Excessive heat warning: Why are US states facing record-breaking heatwaves?

Excessive heat warnings issued for areas in Arizona, California, Texas and Utah

Louise Boyle
Senior Climate Correspondent, New York
Tuesday 15 June 2021 14:07 BST
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A triple-digit heatwave is rolling through the US Southwest with states on high alert over dangerous health conditions and fire risk.

A high-pressure ridge has built over deserts, with forecasters warning on Tuesday that the temperature in California will hit triple digits in the next 48 hours.

Excessive heat warnings were also issued for areas in southwest Arizona, including the city of Phoenix, along with parts of Texas and Utah.

“Dangerous heat will affect much of the western US for much of this week with temperatures up to 120 degrees. These temperatures make any outdoor activities dangerous so stay cool and hydrated,” the National Weather Service (NWS) tweeted.

Energy officials in Texas were urging residents to cut back on power usage over fears that demand will outpace supply amid the soaring temperatures.

The request came from the Electric Reliability Council of Texas, the private entity controlling much of the state’s power supply. ERCOT was the focus of intense criticism following the catastrophic failure of Texas’s power systems during Winter Storm Uri earlier in the year, leaving millions without power in below zero temperatures. The will last through to 18 June.

California’s grid reported no anticipated rotating outages on Monday but encouraged citizens to conserve power.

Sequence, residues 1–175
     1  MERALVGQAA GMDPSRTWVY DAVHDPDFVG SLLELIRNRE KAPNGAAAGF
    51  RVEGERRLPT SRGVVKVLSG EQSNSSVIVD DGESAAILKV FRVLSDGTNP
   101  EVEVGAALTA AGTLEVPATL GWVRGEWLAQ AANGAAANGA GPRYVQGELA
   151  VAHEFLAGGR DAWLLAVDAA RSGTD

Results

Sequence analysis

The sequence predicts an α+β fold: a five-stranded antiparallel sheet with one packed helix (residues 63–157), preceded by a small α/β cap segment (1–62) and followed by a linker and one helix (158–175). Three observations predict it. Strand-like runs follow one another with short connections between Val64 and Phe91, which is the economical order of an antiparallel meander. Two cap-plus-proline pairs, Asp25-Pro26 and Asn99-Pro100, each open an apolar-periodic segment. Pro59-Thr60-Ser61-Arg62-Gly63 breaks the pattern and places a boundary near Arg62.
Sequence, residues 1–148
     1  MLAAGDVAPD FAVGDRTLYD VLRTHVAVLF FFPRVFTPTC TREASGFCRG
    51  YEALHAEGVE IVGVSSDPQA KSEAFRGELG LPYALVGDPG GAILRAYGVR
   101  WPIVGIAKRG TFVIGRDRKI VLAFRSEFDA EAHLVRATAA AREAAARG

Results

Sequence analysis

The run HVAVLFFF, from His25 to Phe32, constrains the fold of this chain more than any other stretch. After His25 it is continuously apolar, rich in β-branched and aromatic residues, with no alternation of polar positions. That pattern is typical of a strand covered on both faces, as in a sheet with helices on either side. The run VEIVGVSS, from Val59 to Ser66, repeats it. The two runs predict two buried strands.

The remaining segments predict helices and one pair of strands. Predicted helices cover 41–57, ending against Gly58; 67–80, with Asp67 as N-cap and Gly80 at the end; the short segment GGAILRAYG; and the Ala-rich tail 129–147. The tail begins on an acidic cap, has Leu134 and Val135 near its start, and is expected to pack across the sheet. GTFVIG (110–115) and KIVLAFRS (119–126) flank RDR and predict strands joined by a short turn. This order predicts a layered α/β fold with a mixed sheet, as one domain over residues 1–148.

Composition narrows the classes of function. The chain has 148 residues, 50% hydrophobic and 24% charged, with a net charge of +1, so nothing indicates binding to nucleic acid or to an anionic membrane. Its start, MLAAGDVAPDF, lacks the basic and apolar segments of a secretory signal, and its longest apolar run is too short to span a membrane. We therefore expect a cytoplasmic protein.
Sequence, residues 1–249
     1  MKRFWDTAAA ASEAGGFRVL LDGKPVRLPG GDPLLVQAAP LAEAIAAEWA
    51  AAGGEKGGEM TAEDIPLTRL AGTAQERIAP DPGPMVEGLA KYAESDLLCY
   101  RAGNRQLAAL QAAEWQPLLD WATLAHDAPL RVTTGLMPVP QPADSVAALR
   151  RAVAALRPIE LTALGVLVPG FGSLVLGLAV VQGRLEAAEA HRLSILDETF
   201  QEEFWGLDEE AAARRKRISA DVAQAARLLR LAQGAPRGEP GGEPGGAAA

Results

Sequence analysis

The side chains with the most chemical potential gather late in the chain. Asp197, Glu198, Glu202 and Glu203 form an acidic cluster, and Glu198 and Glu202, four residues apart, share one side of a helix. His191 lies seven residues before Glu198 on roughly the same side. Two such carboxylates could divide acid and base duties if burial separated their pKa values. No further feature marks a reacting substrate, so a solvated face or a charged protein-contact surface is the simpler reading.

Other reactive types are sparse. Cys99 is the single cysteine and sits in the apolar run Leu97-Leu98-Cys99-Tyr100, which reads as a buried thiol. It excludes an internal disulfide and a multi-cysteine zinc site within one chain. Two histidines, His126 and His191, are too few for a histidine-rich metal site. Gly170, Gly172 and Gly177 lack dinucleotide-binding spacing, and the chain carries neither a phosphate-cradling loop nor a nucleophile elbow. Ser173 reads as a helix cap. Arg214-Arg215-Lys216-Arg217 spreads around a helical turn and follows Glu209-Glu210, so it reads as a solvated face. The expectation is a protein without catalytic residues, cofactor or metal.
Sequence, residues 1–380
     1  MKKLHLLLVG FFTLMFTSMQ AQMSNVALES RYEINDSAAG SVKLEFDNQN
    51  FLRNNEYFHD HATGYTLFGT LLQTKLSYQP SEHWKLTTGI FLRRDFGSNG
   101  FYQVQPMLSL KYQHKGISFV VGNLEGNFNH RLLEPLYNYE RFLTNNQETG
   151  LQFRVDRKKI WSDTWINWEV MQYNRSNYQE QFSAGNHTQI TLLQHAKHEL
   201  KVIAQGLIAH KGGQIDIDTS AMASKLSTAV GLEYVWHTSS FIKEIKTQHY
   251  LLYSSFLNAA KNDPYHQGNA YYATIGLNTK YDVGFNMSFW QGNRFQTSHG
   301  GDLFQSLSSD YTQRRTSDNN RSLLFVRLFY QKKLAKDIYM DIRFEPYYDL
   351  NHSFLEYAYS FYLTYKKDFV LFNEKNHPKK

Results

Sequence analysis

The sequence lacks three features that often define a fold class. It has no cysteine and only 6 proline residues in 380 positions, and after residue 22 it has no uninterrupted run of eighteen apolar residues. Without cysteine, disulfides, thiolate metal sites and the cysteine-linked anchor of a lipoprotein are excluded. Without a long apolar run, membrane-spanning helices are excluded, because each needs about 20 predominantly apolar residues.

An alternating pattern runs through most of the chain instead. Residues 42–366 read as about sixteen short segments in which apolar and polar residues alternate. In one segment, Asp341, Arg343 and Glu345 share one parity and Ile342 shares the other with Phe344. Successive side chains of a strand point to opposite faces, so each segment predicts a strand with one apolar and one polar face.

Meteorologists told Reuters that the heatwave, brought on by the early high-pressure system, could not be blamed directly on the climate crisis.

“It’s difficult to tie any one particular event to climate change,” said Eric Schoening, a NWS meteorologist in Salt Lake City. “But studies show that as the climate changes and it gets warmer, we will see more of these anomalous events over time.”

Overall, extreme heatwaves are becoming more frequent in the US and around the world as the planet heats up.

The latest climate averages from the US National Oceanic and Atmospheric Administration (NOAA) for the 1991-2020 period found that in the 48 contiguous states, the 30-year average temperature reached a record 11.8C (53.28 degrees Fahrenheit).

At the beginning of the 21st century, “normal” was 11.3C (52.3F), according to NOAA’s 1971-2000 data. The 20th century’s average US temperature was 11.1C (52F).

Since the first dataset was collected in the period 1901-1930, around 1C of warming has taken place in the contiguous US – excluding Alaska and Hawaii – a similar increase to the rest of the world.

Of the 10 decadal datasets produced by NOAA, the two most recent 30-year periods have seen the biggest rises in temperatures.

The US government’s National Climate Assessment projects that there will be 20-30 more days over 90F in most areas by 2050.

Extreme heat is a catalyst for a slew of disasters including greater risk of drought, and priming the hot, dry conditions that can lead to wildfires.

Heatwaves exacerbate the “heat island effect” in cities, leaving buildings and roads and infrastructure up to 90F hotter than the air temperature.

Dangerous heat is also a serious public health threat. US officials estimate that heatwaves kill more than 600 people annually, more than all other weather-related deaths, with the exception of hurricanes.

Heatwaves could be a factor in food insecurity in the future in the southwest region along with other conditions like drought, and fewer winter chill hours.

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